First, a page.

Whenever I explore The Gunks (Shawangunk Mountains), whether I’m hiking on the Mohonk Preserve or biking to Wallkill, I’m always amazed by the abundance of natural beauty. Somehow after centuries of human settlement, this area of New York is pretty undeveloped and hasn’t changed much, or so I thought.
The Gunks (Shawangunk Mountains) Ridge and Valley Towns Through Time by Ronald G. Knapp and Michael Neil O’Donnell provides a rich written and visual history of The Gunks and its surrounding towns.
O’Donnell, a landscape photographer, handled the 192 photos in the book which show how The Gunks have changed from before and through the 20th century.
Knapp, a cultural-historical geographer and SUNY Distinguished Professor Emeritus at SUNY New Paltz where he taught from 1968-2001, wrote the context for these photos and a detailed history of Ulster County.
After reading through the book and seeing old vs. new comparisons of areas in The Gunks and surrounding towns, I found that I was right. After a century, it seems like not much has changed after all. That’s a good thing.
The Mohonk Mountain House (that place you can’t afford to stay at but are welcome to cool down at after hours of hiking) was completed in 1910. One-hundred and five years later, it looks incredibly similar. Outside of a few paved roads instead of dirt roads meant for horse-carriages, it’s hard to tell what has changed.
Areas of natural beauty are as gorgeous today as they were a century ago. Water still plummets down the Awosting Falls in Rochester and Eagle Cliff is even more densely populated with trees.
You can thank the Mohonk Preserve and Minnewaska State Park Preserve for this. They’ve done an amazing job of conserving The Gunks. When you consider the many failings to protect natural landscapes across the U.S. in the last century, The Gunks’ near-pristine state is practically miraculous.
And it doesn’t seem like conservation efforts will cease anytime soon. The Mohonk Preserve is New York State’s largest non-profit nature preserve with an estimated 165,000 visitors every year. The Minnewaska State Park Preserve has actually expanded in size over the last decade.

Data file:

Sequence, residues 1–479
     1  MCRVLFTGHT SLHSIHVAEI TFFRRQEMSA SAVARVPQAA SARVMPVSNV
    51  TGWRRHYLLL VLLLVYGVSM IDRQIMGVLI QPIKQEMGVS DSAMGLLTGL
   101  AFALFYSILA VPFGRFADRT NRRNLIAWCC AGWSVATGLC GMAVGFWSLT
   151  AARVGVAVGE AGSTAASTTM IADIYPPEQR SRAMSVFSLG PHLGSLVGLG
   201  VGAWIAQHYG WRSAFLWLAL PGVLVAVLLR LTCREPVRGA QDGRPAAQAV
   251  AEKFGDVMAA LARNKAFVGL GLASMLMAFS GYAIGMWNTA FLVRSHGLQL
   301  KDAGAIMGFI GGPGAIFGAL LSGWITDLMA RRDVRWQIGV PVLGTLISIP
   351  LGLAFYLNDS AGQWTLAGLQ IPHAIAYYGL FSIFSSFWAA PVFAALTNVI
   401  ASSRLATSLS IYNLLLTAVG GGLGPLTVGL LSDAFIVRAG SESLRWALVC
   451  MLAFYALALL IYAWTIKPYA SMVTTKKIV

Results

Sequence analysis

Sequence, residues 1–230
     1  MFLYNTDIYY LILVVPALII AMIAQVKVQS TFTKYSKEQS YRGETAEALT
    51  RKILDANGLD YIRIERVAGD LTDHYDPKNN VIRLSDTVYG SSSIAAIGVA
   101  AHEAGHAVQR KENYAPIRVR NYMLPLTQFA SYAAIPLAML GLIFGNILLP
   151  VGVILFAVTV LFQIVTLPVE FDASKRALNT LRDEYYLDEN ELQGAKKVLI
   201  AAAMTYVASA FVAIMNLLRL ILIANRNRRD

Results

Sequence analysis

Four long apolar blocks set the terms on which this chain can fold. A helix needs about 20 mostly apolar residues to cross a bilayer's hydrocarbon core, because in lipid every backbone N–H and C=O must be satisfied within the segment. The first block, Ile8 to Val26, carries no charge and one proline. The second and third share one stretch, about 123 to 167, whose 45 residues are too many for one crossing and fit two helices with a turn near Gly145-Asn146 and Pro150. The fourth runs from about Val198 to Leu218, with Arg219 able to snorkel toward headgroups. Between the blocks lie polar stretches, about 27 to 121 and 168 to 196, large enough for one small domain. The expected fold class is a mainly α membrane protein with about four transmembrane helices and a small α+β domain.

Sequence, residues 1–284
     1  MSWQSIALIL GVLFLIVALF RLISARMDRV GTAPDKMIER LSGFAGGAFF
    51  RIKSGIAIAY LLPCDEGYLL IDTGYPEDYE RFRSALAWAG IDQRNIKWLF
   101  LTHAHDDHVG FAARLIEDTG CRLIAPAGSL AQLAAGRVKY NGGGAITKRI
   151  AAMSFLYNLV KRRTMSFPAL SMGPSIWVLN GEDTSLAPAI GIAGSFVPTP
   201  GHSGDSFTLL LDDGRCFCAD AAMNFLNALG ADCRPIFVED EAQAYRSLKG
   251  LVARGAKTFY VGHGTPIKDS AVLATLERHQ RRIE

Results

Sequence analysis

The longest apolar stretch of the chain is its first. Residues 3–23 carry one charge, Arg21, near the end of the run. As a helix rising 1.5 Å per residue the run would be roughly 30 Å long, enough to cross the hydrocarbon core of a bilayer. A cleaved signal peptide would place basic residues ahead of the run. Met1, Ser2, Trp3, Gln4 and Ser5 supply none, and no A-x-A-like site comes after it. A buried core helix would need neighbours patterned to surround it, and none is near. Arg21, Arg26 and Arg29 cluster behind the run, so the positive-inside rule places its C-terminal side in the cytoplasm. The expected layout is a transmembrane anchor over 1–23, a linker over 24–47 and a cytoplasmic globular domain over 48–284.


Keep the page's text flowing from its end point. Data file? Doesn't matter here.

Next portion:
Not only does this book document natural landscapes, but also the history of the town of New Paltz.
I’m sure you didn’t know that New Paltz was founded in 1677 when 12 French Huguenot settlers bought rights to the land from a Lenape tribe known as the Esopus for “40 kettles, 40 axes and lots of wampum.” I don’t know exactly how much wampum was exchanged but I’m gonna call that a deal for the Huguenots.
I bet you didn’t know that P&G’s (yes, the same bar you get trashed at every Thursday) was constructed in 1900 as an open summertime venue for music, dance and relaxing. The building didn’t become a bar until 1947, when it was purchased by Pat Cafferty and George Jayne, who named it Pat and George’s.
Or that Old Main, built in 1909, is the oldest building on campus … alright you probably could’ve guessed that.
While this book is comprehensive, it doesn’t feel daunting or overwhelming. At 96 pages long it feels just right, like a 10-person fantasy football league or October New Paltz weather.
Strange analogies aside, I can’t do the photos in this book justice. It’s just incredible to see direct comparisons of Main Street or Lake Minnewaska with their 19th century counterparts.
Knapp did a great job of keeping the writing interesting. I never thought I’d be so interested in reading about the history of places I’ve never even been to, like the town of Gardiner.
The Gunks (Shawangunk Mountains) Ridge and Valley Towns Through Time directly benefits its subject material as all proceeds from the book go to the Mohonk Preserve. I recommend it for anyone who is remotely interested in The Gunks or the history of Ulster County. Or if you just really like pretty pictures.
New Paltz students can find the book at Rock & Snow, Dedricks Pharmacy & Gifts, Shapers, Inquiring Minds Bookstore, Barner Books, Handmade & More and The Treehouse. For more information about the book and a sample of some of its incredible photographs, visit gunksthroughtime.com.